Information on the demand side was, as could be expected for such a young industry, fragmentary and lacking necessary detail. According to the government established National Committee for Biotechnology, Israel's biotechnology industry in 2000 comprised 160 companies, employing 4,000 workers and with estimated sales totalling $800 million. No data are available on the breakdown of employees according to type or academic degree level. The consensus of opinion of experts in the field, corroborated by some small sample surveys performed on the industry, was that the vast majority of the scientific and technical positions were manned by personnel with post-graduate degrees (M.Sc. or Ph.D.), while those few workers holding only a bachelor's degree in a relevant technical field were engaged in junior positions as laboratory technicians, etc. The Central Bureau of Statistics is in the midst of organizing a detailed statistical survey of the biotechnology industry, which should fill in many of the blank spaces in our present data set.

With regard to the future, our Committee took note of the forecast contained in a recently completed joint government and industry association funded report entitled "Realizing Our Potential - Israeli Biotechnology Strategy Project"iii , popularly known as the Monitor Report after the company that produced it. This influential report analysed Israel's potential in the field of biotechnology and provided a detailed proposal of governmental actions and policies to facilitate Israel's growth in this area. According to this study, the biotechnology industry in Israel should grow to 14,000 employees by 2010 and total sales of $3 billion. However, the inherent lack of reliability of such a forecast, together with the total lack of any details regarding the types of manpower that will be employed in this industry in 2010, marginalized the value of this forecast to our policy exercise to that of a signpost stating that the general trend for the future is upward.

The final element that was considered in our policy decision was the consensus opinion of experts that Israel has a significant pool of highly qualified postgraduates in fields relevant to biotechnology, who are presently employed in positions that under-utilize their capabilities, and who could move easily into more suitable and lucrative jobs in the biotechnology industry if and when the industry enters a stage of rapid manpower growth.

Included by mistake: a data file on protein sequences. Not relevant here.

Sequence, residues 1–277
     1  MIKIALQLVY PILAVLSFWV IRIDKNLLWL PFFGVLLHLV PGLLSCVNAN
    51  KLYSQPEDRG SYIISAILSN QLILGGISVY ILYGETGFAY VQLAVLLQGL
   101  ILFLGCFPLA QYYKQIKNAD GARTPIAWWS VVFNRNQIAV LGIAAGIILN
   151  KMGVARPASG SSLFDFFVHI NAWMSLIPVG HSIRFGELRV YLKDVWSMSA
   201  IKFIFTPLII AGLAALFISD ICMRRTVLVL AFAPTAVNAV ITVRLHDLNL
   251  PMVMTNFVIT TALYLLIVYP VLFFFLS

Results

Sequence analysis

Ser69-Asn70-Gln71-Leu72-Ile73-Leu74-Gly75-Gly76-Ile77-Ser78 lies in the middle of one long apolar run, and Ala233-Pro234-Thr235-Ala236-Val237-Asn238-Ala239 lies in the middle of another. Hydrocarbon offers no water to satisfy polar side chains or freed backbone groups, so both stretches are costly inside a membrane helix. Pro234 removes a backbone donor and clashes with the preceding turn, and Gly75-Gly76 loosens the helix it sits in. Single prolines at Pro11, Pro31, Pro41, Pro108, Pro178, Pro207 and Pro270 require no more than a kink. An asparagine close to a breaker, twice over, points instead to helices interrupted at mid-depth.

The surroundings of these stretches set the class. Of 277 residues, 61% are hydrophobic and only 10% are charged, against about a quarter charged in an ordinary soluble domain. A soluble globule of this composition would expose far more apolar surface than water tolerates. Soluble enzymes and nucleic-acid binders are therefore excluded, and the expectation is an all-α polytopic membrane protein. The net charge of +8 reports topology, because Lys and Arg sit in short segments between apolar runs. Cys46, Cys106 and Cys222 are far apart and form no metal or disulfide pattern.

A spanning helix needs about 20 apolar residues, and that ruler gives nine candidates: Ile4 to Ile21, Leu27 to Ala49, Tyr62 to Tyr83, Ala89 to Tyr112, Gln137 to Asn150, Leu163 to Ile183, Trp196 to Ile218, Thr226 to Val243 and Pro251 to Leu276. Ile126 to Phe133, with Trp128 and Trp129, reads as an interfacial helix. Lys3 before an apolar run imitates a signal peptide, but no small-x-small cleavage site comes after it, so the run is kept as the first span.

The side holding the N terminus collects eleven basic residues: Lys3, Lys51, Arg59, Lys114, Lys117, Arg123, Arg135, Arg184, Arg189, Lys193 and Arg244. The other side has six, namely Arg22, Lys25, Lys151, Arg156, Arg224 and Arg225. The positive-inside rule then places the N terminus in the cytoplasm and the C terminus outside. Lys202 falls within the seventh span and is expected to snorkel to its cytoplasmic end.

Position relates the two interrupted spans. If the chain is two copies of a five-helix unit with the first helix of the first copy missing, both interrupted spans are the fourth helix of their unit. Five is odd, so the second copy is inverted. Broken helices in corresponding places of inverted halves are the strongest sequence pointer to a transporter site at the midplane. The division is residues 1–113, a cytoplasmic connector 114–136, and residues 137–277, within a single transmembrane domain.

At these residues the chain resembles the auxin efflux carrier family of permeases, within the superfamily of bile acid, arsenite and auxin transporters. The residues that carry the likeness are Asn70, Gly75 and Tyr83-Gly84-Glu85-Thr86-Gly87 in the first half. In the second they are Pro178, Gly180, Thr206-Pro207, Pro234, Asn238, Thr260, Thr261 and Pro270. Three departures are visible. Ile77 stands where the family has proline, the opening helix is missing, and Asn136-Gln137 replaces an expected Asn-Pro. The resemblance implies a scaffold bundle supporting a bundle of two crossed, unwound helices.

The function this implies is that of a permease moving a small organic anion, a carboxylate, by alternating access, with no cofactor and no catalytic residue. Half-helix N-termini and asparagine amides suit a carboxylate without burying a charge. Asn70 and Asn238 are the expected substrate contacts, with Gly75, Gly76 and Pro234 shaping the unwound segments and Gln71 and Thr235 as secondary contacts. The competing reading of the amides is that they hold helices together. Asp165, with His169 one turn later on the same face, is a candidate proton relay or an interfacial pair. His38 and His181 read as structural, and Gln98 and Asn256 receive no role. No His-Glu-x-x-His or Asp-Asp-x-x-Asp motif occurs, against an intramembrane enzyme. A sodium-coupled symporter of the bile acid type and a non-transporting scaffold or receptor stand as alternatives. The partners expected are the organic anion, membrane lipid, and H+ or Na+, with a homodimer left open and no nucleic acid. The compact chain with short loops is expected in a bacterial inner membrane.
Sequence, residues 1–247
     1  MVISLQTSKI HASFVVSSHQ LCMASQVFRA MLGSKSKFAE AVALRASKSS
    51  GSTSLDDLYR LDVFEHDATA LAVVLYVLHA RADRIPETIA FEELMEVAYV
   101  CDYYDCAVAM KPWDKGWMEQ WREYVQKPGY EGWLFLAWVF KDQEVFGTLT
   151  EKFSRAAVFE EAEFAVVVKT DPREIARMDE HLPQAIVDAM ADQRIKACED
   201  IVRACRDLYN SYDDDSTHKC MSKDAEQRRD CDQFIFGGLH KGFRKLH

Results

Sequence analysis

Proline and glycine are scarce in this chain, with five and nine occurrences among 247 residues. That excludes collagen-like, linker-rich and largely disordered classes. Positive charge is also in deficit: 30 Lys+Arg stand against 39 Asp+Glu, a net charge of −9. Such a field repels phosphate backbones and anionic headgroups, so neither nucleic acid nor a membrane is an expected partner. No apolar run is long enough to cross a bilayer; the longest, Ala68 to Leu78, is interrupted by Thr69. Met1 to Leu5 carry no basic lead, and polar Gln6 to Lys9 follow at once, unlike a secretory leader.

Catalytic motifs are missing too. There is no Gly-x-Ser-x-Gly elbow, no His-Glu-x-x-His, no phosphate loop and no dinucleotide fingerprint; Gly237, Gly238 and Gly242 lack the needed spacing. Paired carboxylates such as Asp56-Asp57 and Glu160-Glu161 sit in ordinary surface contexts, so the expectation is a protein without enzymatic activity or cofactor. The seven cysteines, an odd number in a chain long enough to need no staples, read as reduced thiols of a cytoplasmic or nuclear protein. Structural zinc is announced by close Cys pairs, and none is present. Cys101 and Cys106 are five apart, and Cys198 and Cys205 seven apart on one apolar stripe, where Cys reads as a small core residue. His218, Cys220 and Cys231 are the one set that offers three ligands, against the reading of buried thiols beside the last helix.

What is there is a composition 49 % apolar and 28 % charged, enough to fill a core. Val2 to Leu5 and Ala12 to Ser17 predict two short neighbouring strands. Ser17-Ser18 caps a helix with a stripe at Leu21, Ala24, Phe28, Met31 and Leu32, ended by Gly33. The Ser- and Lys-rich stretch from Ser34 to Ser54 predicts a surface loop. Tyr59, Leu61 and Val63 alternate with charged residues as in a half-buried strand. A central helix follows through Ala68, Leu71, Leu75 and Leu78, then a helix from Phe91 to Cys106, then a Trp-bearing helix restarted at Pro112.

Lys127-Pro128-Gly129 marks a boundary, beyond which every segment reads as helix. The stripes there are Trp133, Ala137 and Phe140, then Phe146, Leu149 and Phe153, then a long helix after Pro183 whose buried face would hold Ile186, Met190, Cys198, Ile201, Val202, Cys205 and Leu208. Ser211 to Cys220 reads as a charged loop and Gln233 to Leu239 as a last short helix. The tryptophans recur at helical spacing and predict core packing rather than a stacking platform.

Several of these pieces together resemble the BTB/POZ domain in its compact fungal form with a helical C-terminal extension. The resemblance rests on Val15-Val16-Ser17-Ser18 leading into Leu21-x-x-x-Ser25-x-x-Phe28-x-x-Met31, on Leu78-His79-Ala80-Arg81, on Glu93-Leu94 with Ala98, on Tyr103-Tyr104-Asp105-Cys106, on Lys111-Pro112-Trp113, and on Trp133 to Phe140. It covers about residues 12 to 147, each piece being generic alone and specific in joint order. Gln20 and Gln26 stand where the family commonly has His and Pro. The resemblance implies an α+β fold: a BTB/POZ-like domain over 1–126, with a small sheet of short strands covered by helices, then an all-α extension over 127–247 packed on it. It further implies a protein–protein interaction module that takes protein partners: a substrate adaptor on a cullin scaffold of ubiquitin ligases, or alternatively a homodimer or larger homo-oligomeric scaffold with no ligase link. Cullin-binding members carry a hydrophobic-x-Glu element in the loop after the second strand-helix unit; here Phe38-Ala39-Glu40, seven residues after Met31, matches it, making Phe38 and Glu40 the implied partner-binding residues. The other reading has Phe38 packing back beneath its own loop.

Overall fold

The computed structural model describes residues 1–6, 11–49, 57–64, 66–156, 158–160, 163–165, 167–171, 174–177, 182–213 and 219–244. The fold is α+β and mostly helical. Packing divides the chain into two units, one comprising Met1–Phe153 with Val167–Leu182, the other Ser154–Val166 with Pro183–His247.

Academic manpower training policy

On the basis of the above analysis and upon due consideration of the severe data limitations of the present and future demand for academic manpower in the biotechnology industry, the Committee, in its recommendations to the Council for Higher Education, proposed that the guiding principle in evaluating and approving new undergraduate academic programs in the area of biotechnology should be to place primary emphasis on the academic and scientific quality of the programs rather than the quantity of graduates that they would provide to industry. The expected increases in graduates in the coming years shown in Figure 1 and based primarily on students who are already in higher education, together with the pool of highly qualified manpower mentioned above, who are already in the labor market, are more than sufficient to enable the small biotechnology industry to grow at a very quick pace over the coming years, without adding new programs and students to the system. We further recommended that the situation in the biotechnology industry be monitored constantly on the basis of improved and more detailed surveys than were performed in the past (such as that of the Central Bureau of Statistics mentioned above), so that this policy can be reviewed if and when early indications of emerging shortages become apparent. These policy recommendations were based in part on the lessons learned from our experiences with the ICT industry, where due to industry-perceived severe shortages of academically trained manpower that were stunting their ability to grow, the quantity of graduates became the major policy target, at times perhaps at the expense of the quality of the new academic degree programs that were approved.

In summation, there is no doubt, based on our analysis, that students in Israel sense the advent of the age of biotechnology. What is unclear at present is whether lucrative and challenging jobs will be waiting for them when they enter the labor market.

i In Israel, all new academic degree programs, including those proposed by established accredited institutions of higher education, require the approval of the Council for Higher Education before they can be opened.

ii For a brief description of how these fields were chosen see: Herskovic, Shlomo, "Academic Manpower and Training Data in Israel in the Area of Biotechnlogy", Biochemistry and Molecular Biology Education, Vol. 30, no. 2, 2002, pp. 126-127.

iii The full report can be downloaded from the internet site of the Israeli Ministry of Industry and Trade.